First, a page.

During this season, it is good to know that Canadians continue to be generous.
According to a recent BMO report, 71 per cent are planning charitable donations equal to or greater than last year and 61 per cent feel they have a good or strong understanding of the tax benefits of charitable giving.
These are encouraging statistics, however it's important to remember that philanthropy can be managed to enhance benefits for both charity and donor.
Canadians choosing a Charitable Giving or Donor Advised Fund have an endowment set up wherein they make an irrevocable gift of cash and other assets, which are invested to maximize the worth of the contribution and increase its value.
Donors make grant recommendations on which registered charities receive donations, and these have an immediate tax benefit that can be carried forward up to five years.
To ensure enduring legacy, the charitable foundation can be named beneficiary of the registered plans and successors can be named to assume the advisory role.
After passing, the plans' assets are transferred directly to the foundation and the estate receives a tax credit for the value on disposition.
This can offset tax on income and effectively bypass probate, further benefiting the estate.
With gifts of life insurance, the charity is named as beneficiary in a permanent life insurance policy.
When the donor passes, the charity receives the policy's cash surrender value plus any net accumulated dividends and interest.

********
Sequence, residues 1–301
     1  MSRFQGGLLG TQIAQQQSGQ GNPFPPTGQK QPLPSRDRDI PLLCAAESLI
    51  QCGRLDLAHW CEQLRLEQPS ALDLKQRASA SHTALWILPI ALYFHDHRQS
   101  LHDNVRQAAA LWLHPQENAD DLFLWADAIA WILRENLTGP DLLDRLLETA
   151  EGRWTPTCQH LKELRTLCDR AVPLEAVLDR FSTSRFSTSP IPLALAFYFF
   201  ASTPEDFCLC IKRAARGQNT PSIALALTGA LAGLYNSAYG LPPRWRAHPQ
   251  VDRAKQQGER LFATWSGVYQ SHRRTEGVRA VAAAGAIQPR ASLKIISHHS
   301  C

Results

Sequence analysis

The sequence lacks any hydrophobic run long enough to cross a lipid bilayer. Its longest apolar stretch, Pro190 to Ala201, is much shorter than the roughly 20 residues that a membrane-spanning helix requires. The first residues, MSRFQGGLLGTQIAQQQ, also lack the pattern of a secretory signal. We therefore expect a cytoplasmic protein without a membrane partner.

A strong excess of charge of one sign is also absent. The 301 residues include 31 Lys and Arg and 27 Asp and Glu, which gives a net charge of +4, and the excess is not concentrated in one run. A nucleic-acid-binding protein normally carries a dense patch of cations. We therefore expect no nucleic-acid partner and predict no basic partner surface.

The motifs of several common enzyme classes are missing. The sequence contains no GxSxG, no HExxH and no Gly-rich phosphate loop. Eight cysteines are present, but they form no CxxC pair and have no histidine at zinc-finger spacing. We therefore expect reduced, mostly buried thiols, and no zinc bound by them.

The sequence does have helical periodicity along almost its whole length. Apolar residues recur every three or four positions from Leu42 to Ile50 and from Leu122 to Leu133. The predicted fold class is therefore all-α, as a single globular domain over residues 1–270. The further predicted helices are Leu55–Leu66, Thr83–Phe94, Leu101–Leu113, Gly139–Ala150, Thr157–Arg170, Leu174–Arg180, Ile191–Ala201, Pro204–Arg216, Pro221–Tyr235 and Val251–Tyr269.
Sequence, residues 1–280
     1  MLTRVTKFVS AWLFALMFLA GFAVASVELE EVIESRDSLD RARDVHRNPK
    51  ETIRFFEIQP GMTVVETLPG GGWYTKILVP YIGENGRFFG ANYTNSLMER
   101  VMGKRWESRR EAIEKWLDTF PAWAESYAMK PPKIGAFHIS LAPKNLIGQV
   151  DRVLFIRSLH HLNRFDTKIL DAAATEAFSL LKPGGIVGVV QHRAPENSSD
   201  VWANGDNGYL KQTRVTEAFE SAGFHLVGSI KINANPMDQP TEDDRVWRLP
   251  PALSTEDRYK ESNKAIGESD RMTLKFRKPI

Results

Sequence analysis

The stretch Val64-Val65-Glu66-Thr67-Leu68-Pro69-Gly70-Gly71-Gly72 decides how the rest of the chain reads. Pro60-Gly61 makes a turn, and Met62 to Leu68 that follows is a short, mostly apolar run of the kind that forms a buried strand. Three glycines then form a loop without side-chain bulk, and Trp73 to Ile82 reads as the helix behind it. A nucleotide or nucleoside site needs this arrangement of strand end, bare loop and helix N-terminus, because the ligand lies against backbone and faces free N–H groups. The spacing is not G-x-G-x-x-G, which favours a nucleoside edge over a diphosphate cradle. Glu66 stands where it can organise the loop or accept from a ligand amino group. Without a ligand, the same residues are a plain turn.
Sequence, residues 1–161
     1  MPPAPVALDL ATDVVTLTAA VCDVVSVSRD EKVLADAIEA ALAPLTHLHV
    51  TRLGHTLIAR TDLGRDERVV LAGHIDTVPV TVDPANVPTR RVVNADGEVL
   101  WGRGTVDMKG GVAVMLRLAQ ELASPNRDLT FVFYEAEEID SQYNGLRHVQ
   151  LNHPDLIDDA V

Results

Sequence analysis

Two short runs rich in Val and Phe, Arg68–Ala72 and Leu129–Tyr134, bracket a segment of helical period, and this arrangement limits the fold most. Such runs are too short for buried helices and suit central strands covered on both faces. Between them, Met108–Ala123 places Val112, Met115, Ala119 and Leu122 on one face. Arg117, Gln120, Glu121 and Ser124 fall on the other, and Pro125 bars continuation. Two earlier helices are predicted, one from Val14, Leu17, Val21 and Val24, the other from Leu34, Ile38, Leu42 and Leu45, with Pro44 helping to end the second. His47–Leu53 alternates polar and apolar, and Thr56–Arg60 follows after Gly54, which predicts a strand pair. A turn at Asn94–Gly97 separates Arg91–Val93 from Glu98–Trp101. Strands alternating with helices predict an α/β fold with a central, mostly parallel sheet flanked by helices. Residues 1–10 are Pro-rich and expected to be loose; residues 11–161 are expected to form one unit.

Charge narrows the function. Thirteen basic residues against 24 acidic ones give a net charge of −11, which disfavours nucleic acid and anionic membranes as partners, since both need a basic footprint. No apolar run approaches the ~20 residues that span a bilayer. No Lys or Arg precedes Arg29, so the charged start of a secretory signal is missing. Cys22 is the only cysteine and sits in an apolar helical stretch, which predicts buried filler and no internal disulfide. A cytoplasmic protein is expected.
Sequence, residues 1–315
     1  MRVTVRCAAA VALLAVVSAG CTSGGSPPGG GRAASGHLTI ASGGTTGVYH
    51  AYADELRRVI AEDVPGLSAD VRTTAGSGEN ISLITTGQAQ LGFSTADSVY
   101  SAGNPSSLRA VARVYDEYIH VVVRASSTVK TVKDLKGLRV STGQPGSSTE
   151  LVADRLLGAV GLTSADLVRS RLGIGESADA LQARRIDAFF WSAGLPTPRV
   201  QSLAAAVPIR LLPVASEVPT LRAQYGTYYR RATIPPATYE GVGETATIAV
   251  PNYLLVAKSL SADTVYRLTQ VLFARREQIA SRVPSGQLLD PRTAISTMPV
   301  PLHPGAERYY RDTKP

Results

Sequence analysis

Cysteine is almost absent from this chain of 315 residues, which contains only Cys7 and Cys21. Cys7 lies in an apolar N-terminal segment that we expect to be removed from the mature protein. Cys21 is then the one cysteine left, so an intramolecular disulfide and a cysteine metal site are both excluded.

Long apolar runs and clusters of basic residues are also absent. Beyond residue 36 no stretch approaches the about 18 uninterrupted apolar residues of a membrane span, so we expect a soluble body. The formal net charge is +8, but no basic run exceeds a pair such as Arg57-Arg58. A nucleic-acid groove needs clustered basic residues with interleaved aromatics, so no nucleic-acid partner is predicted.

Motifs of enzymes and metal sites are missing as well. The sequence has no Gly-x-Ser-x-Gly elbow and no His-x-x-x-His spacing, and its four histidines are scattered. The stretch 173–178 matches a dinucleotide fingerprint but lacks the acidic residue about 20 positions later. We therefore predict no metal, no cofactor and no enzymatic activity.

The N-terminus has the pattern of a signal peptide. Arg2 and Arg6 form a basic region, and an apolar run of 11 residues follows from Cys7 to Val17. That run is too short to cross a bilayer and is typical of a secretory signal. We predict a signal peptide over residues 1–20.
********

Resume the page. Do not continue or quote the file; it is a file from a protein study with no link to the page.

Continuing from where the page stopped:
The executors receive a tax credit for the value of the donation, which can be applied to a final tax return with a provision to carry back any unused portion to the preceding tax year.
If the charity is designated as owner of the policy, all premiums paid to the policy after donation generate ongoing tax credits, providing a more immediate tax benefit, but no further tax credits accrue to the estate.
A Charitable Remainder Trust best benefits older donors who wish to donate to charity but still require income from their investment.
The charity will receive the capital on death, but the donor gets an immediate tax benefit and continues to receive income during their lifetime.
Donating securities is a tax efficient method of financing philanthropy.
The donations are exempt from capital gains, and the donor receives a charitable tax receipt for the full market value of the donated securities.
Consider an investor with a $100,000 stock position originally purchased for $20,000.
There are two options: donating the cash after selling the shares, or donating the shares directly to charity.
If the investor sells and donates the proceeds to charity, capital gains taxation has an impact. Assuming a 44 per cent marginal tax rate, the investor is left with $82,400 net proceeds to donate.
The tax credit generated by the donation would be $35,600.
If the investor donates the shares directly to a charity, both are better off.
By donating the shares directly, the investor is not subject to capital gains tax.
This means the charity receives $100,000 worth of shares and the investor gets a $43,200 tax credit.
The extra value to the investor of donating shares is $7,600.
This strategy applies to all publicly traded securities, including stocks, bonds, and mutual fund investments.
Kim Inglis, CIM, PFP, FCSI, AIFP is an Investment Advisor & Portfolio Manager with Canaccord Wealth Management, a division of Canaccord Genuity Corp., Member - Canadian Investor Protection Fund. www.reynoldsinglis.ca.
The views in this column are solely those of the author.